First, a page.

MCS-265: Theory of Computation (Spring 2004)

Overview

In this course we will learn the theoretical underpinnings of computer science. We will learn about the fundamental capabilities and limitations of different computing devices. Much of our studies will be foundational in nature, but we will also discuss applications to hardware design, pattern matching, compilers, and other areas of computer science. Surprisingly, this theory began years before the advent of the modern computer!

The prerequisite to the course is MCS-236. In short, this course will build on your skills to manipulate mathematical notation and write formal proofs. If you have been uncomfortable with these skills in the past, you may have troubles in this course. Although I will quickly review the material in Chapter 0, I expect you to already be comfortable with the vast majority of the material there.

Reaching me

All office, phone and schedule information will be maintained on my web page. I'll try to keep it updated with any temporary changes to my schedule as well. In short, if my office door is open you are welcome; if I'm busy, we'll set up an appointment. Email and phone calls work, too.

All course handouts will be available through my World Wide Web page, and some supplementary materials such as code to use as a starting point in assignments may be available there as well. The URL for this course is http://www.gustavus.edu/~wolfe/265/.

World Wide Web

All course handouts will be available through my World Wide Web page, and some supplementary materials such as code to use as a starting point in assignments may be available there as well. The URL for this course is http://www.gac.edu/~wolfe/55/.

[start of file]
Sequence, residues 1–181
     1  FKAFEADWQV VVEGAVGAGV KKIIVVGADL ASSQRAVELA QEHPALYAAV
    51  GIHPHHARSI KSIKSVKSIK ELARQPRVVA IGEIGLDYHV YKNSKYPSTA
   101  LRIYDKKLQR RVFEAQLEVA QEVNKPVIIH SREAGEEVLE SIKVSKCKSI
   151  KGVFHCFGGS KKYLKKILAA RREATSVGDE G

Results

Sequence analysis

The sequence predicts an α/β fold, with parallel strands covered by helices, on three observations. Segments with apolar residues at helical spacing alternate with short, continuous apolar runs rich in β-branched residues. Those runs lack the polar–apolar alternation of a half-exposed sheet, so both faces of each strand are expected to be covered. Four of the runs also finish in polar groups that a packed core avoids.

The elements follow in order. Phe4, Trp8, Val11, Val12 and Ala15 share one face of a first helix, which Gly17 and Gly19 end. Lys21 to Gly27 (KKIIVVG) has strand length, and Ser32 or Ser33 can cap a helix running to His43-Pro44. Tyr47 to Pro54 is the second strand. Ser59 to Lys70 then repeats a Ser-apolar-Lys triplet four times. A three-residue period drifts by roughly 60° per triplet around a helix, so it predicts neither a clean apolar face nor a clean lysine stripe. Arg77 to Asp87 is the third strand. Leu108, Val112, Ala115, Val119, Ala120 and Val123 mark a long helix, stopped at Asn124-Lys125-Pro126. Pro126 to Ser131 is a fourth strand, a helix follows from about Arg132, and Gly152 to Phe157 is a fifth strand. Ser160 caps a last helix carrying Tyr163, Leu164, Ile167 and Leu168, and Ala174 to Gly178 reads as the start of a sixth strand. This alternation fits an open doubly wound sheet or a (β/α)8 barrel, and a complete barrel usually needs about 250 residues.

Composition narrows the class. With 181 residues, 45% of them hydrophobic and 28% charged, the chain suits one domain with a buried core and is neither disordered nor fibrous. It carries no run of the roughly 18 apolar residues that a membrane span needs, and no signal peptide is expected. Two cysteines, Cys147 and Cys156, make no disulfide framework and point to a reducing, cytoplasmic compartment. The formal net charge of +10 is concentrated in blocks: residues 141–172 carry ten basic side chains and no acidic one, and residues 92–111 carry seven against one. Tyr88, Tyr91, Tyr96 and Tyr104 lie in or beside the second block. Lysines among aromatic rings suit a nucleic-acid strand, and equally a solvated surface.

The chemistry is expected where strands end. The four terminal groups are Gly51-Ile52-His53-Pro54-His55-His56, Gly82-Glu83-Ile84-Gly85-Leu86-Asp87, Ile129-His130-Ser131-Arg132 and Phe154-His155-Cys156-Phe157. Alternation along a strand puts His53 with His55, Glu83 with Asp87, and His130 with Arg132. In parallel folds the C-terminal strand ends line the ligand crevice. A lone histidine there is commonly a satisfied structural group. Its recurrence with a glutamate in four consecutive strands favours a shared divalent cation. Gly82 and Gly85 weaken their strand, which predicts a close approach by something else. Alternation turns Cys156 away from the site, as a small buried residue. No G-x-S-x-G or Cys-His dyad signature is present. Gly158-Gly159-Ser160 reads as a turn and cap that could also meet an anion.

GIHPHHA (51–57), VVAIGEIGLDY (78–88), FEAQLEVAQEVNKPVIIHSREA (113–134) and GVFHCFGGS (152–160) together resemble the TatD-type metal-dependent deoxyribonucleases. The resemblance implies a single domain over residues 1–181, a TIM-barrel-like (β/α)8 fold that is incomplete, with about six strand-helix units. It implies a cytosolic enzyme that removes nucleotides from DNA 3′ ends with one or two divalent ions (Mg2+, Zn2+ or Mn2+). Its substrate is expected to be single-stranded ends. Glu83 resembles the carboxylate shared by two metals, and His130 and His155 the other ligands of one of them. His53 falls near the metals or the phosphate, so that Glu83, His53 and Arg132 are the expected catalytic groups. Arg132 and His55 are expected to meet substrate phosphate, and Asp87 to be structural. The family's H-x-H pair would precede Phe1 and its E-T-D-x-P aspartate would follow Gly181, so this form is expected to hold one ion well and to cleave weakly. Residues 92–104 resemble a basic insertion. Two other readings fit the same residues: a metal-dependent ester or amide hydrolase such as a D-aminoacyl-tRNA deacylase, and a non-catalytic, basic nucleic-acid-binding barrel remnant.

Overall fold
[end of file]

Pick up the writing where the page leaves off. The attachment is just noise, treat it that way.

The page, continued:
Text and references

Our text for the course is Sipser, Introduction to the Theory of Computation, 1996. The text is modern, up to date, and is as lucid and conversational as possible while remaining theoretically formal. We'll be covering Chapters 1, 3, 4, 5 and 7, and a few other miscellaneous topics. You should be aware that material from Chapter 2 which is usually covered in a course like this will be omitted. (If you plan on taking the GRE exam or going to graduate school, be sure to read and understand this chapter as well!)

Garey & Johnson, Computers and Intractability: A guide to the Theory of NP-Completeness, 1979, is the definitive (though old) book cataloging NP-complete problems.

Hopcroft & Ullman, Introduction to Automata Theory, Languages, and Computation, 1979, would be a superb alternative textbook for the course.

Exams

Exams will be closed-book and closed-notes. You may, however, use a single 8 1/2 by 11 sheet of paper with hand-written notes for reference.

Late policy

One assignment will be accepted up to 72 hours late without penalty, and one assignment can be up to 24 hours late; any more late will be heavily penalized. When submitting an assignment late, be sure to write the date and time of submission on your assignment. This very liberal late policy is intended to accommodate illness or conflict. Please do not ask for additional exceptions unless your situation is unusual. In any case, all assignments must be submitted by the last day of classes.

Homeworks

Homeworks and lab reports are due at the start of class on the due date. Please staple (not fold nor paper clip) your homework together.